Pair go together like pasta, dessert


Staff Writer

“People around us tell us that we’re like meoto-manzai (stand up comedians). We’re always surrounded by laughter,” says Atsuko Nonogaki Planeta, 43.

“We’re talking all the time. I never get bored,” Paolo Planeta, from Genoa, Italy, adds.

Paolo, 37, and Atsuko met in Tokyo at a networking party in September 2006. They dated for just over a year, and got married in November 2007.

After the wedding, both of Atsuko’s parents suddenly got ill and passed away. Paolo supported her and the family throughout the whole process, trying to make the family laugh even at times of suffering.

Atsuko, originally from Kanagawa Prefecture, is a freelance organizer of seminars and music concerts, and Paolo is director of the Japan office of a Genoa-based vessel-equipment maker. He also manages the firm’s South Korean operation.

Since childhood, Paolo grew up with Japanese toys, and was a big fan of anime (animation) and manga. He came to Japan for the first time on a holiday in 2003, and having fallen in love with the lifestyle, decided to live and work in Tokyo. He persuaded his employer in Genoa to start an operation in Japan, and came to Tokyo in 2006 to prepare for its launch.

The couple live in one of Tokyo’s shitamachi (old town) areas, and look forward to carrying the mikoshi (portable shrine) at a local festival every summer.

What prompted you to marry?

Atsuko: It happened quite fast. A month after we met each other, Paolo’s mother came to Tokyo and the three of us had dinner together. Mama asked me, “So when can I meet your parents?” I said, “Isn’t it a bit too early for that?” When Paolo translated it into Italian, mama got red with fury. “I’m here in Tokyo now, and the next time I come is the wedding reception,” she said. Everything was scheduled already. For us, it was like, “Let’s not get mama upset,” so we followed her desire.

What was the proposal like?

Atsuko: It happened during our visit to Genoa in March 2007. One day, we went out drinking with friends. Paolo was heavily drunk and his tie was nearly off. When we returned to Paolo’s apartment, mama called Paolo into the kitchen. He started to straighten his tie and looked really nervous. Mama told me to sit on the sofa, and I saw mama pass the ring box to Paolo. He kneeled in a formal way and said, “Will you marry me?” Mama was already in tears, and we were surrounded by his friends, who were full of excitement and joy. They had this look on their faces that expected me to say, “Yes.” How could I say, “Let me have some time to think about it and reply later?” So I said, “Yes.”

Paolo: That was my seppuku time. My mother had already prepared the marriage ring, and she used the alcohol (for me to propose).

What was the wedding like?

Atsuko: We registered the marriage in Tokyo and had two wedding receptions, one in Tokyo and the other in Naples (where Paolo’s mother lives.) The one in Tokyo was held at the wedding reception hall City Club of Tokyo in Minato Ward. Paolo’s mother and his best friend who lives in Singapore came.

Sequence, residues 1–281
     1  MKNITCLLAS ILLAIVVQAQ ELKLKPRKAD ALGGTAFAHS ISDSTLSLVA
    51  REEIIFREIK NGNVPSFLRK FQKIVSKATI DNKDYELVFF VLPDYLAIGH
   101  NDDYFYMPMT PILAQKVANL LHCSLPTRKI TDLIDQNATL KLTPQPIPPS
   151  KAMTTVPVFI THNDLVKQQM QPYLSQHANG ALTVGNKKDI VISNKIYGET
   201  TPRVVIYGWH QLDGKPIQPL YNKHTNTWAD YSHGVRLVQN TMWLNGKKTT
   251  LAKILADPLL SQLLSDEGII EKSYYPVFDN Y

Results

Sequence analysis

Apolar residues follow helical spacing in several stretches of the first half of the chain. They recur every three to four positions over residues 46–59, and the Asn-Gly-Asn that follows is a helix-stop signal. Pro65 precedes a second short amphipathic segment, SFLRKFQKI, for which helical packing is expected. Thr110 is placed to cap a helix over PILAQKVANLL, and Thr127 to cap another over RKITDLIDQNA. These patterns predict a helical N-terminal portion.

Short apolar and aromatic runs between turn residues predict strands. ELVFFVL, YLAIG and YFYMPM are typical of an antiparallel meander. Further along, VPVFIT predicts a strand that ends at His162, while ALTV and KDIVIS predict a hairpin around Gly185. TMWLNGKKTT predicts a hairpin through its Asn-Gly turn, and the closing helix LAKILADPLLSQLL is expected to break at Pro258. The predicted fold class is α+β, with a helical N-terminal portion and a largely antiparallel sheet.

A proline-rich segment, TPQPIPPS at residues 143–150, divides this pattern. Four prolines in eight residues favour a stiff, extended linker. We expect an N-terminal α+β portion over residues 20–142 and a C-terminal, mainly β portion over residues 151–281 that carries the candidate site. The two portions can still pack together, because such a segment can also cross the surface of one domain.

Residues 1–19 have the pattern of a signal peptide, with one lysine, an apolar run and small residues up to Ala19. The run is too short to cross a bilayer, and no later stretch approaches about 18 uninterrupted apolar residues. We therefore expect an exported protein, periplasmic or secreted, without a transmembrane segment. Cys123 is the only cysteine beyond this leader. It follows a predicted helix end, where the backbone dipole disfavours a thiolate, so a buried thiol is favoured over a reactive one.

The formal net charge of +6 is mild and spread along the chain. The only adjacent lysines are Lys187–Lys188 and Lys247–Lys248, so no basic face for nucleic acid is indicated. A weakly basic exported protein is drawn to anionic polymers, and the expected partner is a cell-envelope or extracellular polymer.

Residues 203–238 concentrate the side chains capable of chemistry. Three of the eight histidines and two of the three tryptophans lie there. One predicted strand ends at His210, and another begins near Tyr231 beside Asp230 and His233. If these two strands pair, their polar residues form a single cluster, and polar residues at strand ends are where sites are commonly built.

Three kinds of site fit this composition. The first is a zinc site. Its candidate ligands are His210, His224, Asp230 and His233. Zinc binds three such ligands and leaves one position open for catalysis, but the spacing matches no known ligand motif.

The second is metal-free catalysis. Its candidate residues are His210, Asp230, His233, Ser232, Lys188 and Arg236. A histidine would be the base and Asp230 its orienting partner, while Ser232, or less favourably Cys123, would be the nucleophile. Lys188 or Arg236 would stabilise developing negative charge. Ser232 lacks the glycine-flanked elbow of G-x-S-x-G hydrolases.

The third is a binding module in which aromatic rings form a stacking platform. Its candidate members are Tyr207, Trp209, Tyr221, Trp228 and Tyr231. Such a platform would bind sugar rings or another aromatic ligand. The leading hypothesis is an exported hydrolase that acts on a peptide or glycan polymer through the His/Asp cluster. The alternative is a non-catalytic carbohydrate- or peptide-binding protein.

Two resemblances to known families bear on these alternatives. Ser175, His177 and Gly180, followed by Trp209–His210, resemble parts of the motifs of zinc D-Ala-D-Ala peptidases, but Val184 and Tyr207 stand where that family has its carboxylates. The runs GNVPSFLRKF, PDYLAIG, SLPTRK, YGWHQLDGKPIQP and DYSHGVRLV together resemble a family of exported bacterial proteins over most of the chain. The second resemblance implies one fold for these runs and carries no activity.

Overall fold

Paolo: I remember it was fun when Atsuko and I gave a speech to our parents. We don’t have this kind of speech in Italy. Atsuko did a long speech and cried, but her parents looked very serious. When she finished, it was my turn. I told Atsuko to look, turned to mama and said, “Mama, grazie (thank-you)!” Mama immediately burst into tears.

Atsuko: I couldn’t move my parents with my long speech. In Naples, when we walked from the house to the restaurant (neaby), there was a line of cars to see us (especially to see Atsuko in kimono), and we were congratulated by the honk of cars.

Paolo: The wedding reception in Napoli was eight hours long. In an Italian wedding reception, there’s no particular schedule, but you have time to do everything. To enjoy food, talk with people, and listen to someone’s speech. Wedding reception in Japan is expensive and stressful. Atsuko was introducing everybody to the other, and for me, it was no different from a business meeting.

Do you feel any cultural difference in everyday life?

Paolo: Yes, a lot. For example, I don’t know if this is a cultural difference, but Atsuko is always thinking about the community. She tells me not to talk loud after midnight in the balcony. “You surprise other people,” she says. “You live in Japan, so you have to follow the rules!” She’s like Rottenmeier (a strict butler in the anime “Heidi”)!

For Atsuko, first, there’s the world, then there’s the husband, so it’s very stressful sometimes.

Atsuko: (To Paolo) You need someone to supervise you! Another cultural difference is that one time, Paolo couldn’t eat something that I cooked. It was eryngii (king trumpet) mushrooms cooked with scallops. For him, it’s unbelievable to combine seafood with something from the mountains.

What do you like about each other?

Paolo: She’s definitely a good person. Sometimes even too much.

She’s very sweet, pretty smart, and honest. I also find her very sexy even with her age.

Atsuko: I admire him because his sense of value is always precise and stable. He says something and always realizes it. For example, he says that he wants to buy a house at the beginning of the year, and at the end of the year, we have a house. Also, he is very affectionate, and tries to communicate a lot with me, which is wonderful.